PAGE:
R studio代写-SSCI 574
时间:2021-03-12
SSCI 574 – Spatial Econometrics Project 2

USC Spatial Sciences Institute © 2021 1


SSCI 574 Project 2 – Explanatory Spatial Data Analysis & Multiple
Linear Regression
Due Date: Friday, 3/12 @11:59 pm Pacific Time

Submit Project 2 as a Word document into the corresponding assignment link on Blackboard
Value 7% of the course grade
Penalty for late delivery: 2 points deduction up to 4 days late; no points will be given over 4 days
late.


The purpose of this project is for you to apply the concepts and skills learned to explore the
datasets and questions that you are interested in spatial economics. As you have done some
preliminary research work in Project 1, you will want to identify the available datasets that are
suitable for the scope and scale of your interested area and ready to dive into some analysis.
In this project, you will identify and import the data of your own interest in spatial economics
into R and conduct explanatory data analysis, exploratory spatial data analysis (i.e. spatial weights
and global spatial autocorrelation) and multiple linear regression.
Read through the entire document first. Next, go through the hands-on R practices that we did
in previous weeks if you have not done so, so you are familiar with the libraries, functions and
their arguments required in R to complete this project.
Learning Objectives
• To identify available spatial datasets for investigating the spatial economic topic area of
your interest
• To explore spatial autocorrelation using global Moran’s I, and Moran scatterplot
• To conduct multiple linear regression including the pre- and after-assessments of the
datasets
• To interpret the outputs of spatial autocorrelation and multiple linear regression
Assignment Description
This project looks to further your topic of interest into some practical exercises in spatial and
statistical analysis in R. To complete that, follow the instructions below:
1. From your chosen spatial economic research topic and variables in Project 1, identify spatial
datasets of the variable(s) for investigation in spatial analysis and import the data into R.
Focus on the main variable that you are interested in learning to start with. Consider the
spatial extent and unit of analysis so the data size is not too large to manage (e.g. the number
of units is greater than 50 units and not more than 500 units). Often your spatial location
data (e.g. county boundaries) and attributes (e.g. employment rates) might need to come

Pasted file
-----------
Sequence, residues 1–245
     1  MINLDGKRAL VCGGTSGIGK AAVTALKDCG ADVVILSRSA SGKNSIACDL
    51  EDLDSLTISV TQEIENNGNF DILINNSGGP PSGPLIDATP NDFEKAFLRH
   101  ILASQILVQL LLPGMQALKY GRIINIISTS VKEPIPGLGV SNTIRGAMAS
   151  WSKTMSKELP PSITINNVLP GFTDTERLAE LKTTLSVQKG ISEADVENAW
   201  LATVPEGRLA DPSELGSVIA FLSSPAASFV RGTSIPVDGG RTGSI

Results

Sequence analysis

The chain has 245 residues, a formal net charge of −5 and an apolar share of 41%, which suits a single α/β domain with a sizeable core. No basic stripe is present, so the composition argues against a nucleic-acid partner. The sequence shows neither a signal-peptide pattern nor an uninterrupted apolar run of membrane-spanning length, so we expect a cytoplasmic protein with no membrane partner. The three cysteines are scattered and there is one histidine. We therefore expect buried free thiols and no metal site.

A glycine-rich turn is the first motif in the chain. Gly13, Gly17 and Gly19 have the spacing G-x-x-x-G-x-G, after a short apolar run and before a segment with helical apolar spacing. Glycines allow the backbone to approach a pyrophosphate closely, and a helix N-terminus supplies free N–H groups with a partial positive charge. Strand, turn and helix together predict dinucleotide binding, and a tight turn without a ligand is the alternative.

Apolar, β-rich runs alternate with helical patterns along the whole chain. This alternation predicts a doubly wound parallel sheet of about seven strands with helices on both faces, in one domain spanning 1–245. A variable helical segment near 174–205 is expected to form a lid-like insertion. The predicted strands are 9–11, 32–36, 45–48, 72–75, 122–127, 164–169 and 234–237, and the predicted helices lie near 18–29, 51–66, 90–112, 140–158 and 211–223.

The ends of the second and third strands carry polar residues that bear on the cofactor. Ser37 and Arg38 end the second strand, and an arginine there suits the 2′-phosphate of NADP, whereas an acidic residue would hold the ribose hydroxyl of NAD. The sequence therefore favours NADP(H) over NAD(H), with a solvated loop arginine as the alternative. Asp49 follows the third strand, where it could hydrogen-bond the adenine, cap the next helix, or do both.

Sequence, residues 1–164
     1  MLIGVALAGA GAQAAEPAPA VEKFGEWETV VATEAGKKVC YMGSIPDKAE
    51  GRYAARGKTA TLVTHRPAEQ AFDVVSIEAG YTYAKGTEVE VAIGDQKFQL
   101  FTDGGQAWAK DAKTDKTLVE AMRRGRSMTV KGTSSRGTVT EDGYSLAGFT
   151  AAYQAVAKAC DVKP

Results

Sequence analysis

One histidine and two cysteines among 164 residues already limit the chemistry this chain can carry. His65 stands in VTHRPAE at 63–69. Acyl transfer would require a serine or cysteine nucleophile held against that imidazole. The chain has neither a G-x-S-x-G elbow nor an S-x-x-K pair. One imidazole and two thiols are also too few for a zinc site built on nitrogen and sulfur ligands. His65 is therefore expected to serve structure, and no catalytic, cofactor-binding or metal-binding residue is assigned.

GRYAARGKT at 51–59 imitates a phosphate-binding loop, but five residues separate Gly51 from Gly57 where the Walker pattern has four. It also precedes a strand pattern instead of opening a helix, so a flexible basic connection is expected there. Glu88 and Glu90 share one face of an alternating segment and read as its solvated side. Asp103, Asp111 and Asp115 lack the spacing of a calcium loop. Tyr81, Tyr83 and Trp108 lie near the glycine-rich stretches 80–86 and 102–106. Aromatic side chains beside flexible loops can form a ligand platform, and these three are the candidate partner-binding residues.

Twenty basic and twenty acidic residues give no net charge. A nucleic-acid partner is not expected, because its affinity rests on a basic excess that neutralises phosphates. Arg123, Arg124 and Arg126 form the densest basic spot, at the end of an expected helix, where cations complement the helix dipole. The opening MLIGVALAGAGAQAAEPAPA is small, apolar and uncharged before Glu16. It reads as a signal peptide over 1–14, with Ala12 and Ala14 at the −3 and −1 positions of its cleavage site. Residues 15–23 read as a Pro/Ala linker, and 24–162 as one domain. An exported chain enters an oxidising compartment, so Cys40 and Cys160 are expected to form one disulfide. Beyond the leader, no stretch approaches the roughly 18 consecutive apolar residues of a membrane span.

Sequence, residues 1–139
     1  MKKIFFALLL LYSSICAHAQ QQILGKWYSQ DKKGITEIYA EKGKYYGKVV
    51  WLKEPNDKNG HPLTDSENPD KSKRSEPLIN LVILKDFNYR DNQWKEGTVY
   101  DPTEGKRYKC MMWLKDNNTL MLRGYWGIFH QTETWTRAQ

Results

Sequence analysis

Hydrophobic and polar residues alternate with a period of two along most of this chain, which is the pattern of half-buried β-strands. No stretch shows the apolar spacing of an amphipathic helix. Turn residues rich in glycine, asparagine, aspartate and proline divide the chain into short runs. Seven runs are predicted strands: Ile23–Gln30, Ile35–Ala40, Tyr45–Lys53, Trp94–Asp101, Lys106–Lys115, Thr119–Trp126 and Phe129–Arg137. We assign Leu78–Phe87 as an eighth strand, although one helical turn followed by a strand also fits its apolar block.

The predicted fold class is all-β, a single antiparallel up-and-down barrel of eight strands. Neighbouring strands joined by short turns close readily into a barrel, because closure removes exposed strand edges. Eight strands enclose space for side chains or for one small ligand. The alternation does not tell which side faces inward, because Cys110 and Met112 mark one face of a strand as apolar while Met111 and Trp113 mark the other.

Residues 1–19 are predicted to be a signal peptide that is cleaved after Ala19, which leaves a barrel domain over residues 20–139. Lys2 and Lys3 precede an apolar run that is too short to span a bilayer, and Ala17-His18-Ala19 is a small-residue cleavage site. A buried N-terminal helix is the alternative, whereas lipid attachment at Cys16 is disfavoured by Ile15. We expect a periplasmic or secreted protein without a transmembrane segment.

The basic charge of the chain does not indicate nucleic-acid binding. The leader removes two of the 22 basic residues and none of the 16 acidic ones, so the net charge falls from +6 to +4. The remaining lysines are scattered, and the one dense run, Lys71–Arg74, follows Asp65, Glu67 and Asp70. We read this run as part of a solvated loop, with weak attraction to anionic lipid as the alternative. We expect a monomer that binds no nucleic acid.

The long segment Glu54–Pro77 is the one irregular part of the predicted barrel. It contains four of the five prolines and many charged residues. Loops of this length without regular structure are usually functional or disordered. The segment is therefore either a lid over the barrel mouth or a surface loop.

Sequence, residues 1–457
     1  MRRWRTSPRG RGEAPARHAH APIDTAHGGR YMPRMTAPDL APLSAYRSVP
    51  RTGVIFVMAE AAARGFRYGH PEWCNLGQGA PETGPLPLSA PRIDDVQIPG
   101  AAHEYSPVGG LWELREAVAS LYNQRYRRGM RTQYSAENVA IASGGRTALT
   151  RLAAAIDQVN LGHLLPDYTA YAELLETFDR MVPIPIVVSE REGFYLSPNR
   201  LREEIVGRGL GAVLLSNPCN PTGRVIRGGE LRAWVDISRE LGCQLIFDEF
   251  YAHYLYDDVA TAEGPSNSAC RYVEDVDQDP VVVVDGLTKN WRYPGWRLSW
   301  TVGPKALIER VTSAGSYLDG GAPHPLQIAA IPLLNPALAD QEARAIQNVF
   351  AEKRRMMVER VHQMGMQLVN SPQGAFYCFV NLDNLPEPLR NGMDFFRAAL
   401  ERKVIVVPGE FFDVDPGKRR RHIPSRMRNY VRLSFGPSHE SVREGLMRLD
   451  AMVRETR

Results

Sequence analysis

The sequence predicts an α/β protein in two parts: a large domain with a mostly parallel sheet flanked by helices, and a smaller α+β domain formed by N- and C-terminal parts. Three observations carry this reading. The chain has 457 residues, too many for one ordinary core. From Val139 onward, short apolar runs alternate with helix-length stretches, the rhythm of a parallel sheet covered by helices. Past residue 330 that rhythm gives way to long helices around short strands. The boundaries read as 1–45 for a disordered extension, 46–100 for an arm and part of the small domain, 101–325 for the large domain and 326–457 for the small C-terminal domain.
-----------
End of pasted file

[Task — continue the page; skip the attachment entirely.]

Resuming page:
from different sources and be joined together before using. You can do pre-processing in
Excel or ArcGIS or merge the data in R.
SSCI 574 – Spatial Econometrics Project 2

USC Spatial Sciences Institute © 2021 2


For importing shapefiles, use readOGR( ) in the rgdal package. Use ??readOGR to open the
help file in RStudio. If your data is not projected, you will have to retrieve the geographic
coordinates from polygons then use the spTransform method in the rgdal library.
If your non-spatial attribute table contains latitude and longitude, you can use read.csv( ) or
read.table( ) to import the non-spatial data first, then make your data spatial by creating a
Spatial* object (see the Week 4 handout for how to promote the data spatial).

For any remaining questions about data import, I would suggest you to search for online
resources (e.g. https://rdocumentation.org) and post your question/issues on the
Discussion Forum on Blackboard.

2. Explore the distribution of your imported data by conducting explanatory data analysis
(EDA) in R. For running any statistical or spatial analysis, always examine your data first.
Run descriptive statistics (use the R function that provide at least: sample size, minimum,
mean, median, maximum, and standard deviation) and make a scatterplot, a histogram, and a
boxplot for your main variable(s) – doing all EDA here for one variable is sufficient, but
more is fine (e.g. running EDA for both variables that you want to know the association
with). Consider transformation if the data shows non-normal distribution and show its
normality after transformation.

3. Explore the spatial data you imported by conducting ESDA of your main interested
variable(s). You will build spatial weights matrix followed by global Moran’s I and Moran
scatterplot. Whether you run Moran’s I using Monte Carlo approach is your choice. Other
ESDA is also possible, e.g. kernel density estimation, if you have a point dataset, but not
necessary.

4. Execute standard linear regression to investigate the association of the variables in the topic
of interest using lm( ) function. The number of independent variable can vary but make sure
that your final model contains only the explanatory variables that have their partial